What Are The Benefits of Investing in Assisted Listening Systems?

Almost every organization - professional, educational, governmental or otherwise - relies on communication to properly function. Whether that communication takes place in a meeting room, a lecture auditorium or a concert hall, here is why ALS makes sense:
  • It enhances audio only for those who need it - Hearing difficulties can make it extremely difficult to follow what is being said, and that makes comprehension nearly impossible. During a concert or speaking event, this may be frustrating, but in a classroom or professional setting, it could cause serious work or school-related issues. An ALS provides the much-needed audio boost that people who are hard of hearing need. Research shows that this audio boost should be around 15 to 25 decibels, and with ALS technology in place, this boost can be delivered without affecting audio volume or quality for anyone else in the room. That makes ALS technology a perfect combination of effective and discreet listening assistance.
  • It ensures compliance with accessibility regulations - The ADA requires certain venues to provide ALS technology for their hard-of-hearing visitors. In spaces where, according to the ADA, audible communication is integral to the use of the space, the goal is to ensure that everyone can be included in the conversation. In addition to mandating ALS technology in certain venues, the ADA also requires those venues to maintain a minimum number of receivers and to provide signage that indicates the presence of assisted listening systems. The greater the venue’s seating capacity, the more receivers need to be kept on hand. For example, in a venue that seats at least 1,000 people, the ADA requires there to be at least 25 receivers on hand, plus one more for every 50 seats. There are exceptions to the ADA’s requires on ALS technology but, in general, if a space requires audio amplification technology, then it must provide an ALS option as well.
  • It is cost effective and convenient for both venue and listener - What makes an ALS solution so cost effective is its ease of use and convenience. ALS technology works with minimal attention (an inductive loop can be kept on indefinitely), and all a user has to do is either toggle a switch on their hearing aid or pick up a receiver at the venue. It’s the simplest way possible to provide clear audio to people with hearing difficulties, and the simplest solution is often the most effective.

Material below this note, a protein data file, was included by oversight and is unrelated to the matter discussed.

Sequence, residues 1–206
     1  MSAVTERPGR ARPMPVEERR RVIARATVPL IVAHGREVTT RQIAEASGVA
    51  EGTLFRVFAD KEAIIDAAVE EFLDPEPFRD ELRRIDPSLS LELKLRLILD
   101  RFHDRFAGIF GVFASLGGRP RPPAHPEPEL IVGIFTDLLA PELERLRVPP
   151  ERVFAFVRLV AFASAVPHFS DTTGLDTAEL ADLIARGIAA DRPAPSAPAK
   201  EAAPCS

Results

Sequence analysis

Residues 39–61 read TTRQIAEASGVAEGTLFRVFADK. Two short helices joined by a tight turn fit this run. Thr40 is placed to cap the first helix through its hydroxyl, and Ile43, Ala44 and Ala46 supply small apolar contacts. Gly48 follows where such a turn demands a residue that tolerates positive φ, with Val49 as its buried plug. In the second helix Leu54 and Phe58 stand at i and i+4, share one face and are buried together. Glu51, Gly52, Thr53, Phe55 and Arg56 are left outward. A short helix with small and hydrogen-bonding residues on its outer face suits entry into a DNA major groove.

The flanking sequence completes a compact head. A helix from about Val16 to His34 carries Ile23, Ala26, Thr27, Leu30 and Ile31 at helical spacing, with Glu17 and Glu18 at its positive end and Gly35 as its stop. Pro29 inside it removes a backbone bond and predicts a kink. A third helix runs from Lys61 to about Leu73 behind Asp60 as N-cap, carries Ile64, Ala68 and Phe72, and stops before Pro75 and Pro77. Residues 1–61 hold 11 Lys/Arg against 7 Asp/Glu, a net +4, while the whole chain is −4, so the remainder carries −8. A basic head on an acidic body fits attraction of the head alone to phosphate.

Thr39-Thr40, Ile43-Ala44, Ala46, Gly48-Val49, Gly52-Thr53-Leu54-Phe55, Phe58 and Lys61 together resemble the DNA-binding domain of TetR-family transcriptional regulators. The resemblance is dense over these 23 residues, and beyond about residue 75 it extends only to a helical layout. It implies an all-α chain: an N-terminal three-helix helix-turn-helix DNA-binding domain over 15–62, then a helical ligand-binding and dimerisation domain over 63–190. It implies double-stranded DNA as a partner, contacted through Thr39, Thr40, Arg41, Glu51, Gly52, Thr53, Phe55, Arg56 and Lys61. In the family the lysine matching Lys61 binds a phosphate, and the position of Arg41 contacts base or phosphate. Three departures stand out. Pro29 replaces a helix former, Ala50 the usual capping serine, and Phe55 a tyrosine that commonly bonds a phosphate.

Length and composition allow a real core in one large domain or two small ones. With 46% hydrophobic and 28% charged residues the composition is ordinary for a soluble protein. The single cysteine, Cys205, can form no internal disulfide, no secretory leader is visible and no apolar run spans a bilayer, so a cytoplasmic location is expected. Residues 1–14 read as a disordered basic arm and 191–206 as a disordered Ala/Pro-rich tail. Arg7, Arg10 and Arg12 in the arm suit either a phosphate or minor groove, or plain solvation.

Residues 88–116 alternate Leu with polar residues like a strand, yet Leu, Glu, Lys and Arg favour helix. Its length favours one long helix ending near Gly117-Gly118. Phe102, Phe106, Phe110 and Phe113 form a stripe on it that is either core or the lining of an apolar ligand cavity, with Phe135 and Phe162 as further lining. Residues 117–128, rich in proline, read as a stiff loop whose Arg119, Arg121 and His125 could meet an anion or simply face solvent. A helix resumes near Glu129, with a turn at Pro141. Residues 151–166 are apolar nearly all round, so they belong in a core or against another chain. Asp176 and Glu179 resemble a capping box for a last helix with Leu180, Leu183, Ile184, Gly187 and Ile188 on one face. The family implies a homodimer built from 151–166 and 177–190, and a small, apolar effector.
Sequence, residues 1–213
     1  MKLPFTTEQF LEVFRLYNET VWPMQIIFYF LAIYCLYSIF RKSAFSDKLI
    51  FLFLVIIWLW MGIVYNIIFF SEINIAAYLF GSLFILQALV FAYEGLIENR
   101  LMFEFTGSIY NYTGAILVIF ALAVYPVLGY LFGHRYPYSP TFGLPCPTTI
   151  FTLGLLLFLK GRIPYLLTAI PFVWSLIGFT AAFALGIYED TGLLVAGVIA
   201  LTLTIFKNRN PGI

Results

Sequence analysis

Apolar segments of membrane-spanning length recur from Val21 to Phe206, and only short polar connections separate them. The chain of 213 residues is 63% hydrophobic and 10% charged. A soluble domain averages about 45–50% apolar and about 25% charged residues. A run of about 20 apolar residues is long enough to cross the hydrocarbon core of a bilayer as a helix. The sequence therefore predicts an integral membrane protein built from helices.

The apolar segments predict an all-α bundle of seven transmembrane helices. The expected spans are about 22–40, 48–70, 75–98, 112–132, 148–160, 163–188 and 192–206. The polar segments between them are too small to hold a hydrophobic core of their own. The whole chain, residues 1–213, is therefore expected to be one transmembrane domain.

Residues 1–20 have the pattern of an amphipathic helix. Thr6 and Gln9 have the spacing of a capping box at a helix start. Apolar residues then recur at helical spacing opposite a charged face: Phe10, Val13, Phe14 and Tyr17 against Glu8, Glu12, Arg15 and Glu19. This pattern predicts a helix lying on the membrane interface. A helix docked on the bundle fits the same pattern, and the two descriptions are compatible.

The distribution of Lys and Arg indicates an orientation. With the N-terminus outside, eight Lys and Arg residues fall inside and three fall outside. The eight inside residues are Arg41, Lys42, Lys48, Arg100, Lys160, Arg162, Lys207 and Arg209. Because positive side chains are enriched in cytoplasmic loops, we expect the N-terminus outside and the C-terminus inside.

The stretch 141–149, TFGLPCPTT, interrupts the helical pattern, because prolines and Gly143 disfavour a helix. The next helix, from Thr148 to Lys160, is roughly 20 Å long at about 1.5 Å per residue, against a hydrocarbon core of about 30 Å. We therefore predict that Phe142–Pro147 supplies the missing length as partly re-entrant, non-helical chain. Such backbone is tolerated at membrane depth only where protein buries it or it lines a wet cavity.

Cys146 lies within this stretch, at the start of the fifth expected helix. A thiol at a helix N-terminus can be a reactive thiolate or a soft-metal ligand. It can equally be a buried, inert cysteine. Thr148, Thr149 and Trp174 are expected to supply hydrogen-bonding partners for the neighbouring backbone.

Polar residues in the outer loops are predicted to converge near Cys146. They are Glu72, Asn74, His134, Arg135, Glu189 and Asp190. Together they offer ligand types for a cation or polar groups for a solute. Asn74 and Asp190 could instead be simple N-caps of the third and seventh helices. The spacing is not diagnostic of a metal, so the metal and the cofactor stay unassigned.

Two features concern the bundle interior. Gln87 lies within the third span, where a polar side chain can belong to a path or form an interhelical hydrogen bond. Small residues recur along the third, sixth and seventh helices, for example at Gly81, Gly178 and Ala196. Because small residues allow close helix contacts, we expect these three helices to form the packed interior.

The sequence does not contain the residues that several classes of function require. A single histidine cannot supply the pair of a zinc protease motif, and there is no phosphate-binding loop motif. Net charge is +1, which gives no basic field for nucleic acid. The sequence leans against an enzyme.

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Where Are Assisted Listening Systems Normally Installed?

ALS technology is required in any setting where spoken audio is important and where audio enhancement is needed. That covers a lot of venues and spaces, including:
  • Public meeting and hearing rooms
  • Classrooms, lecture halls and auditoriums
  • Courtrooms
  • Council and legislative chambers
  • Performing art centers like theaters, amphitheaters and concert halls
  • Convention centers
  • Stadiums
[/vc_column_text][/vc_column][/vc_row][vc_row][vc_column][vc_column_text]Given their size and acoustics, it’s even more difficult for people with hearing difficulties to follow the audio in these spaces. However, assisted listening systems offer a cost effective and reliable way to ensure everyone is included, so hearing problems don’t get in the way of an important conversation. Those considering adding assisted listening systems to their facilities should work with a reputable and knowledgeable AV integrator to assist with the details for each unit, including the proper location and ensuring it is installed correctly.[/vc_column_text][/vc_column][/vc_row]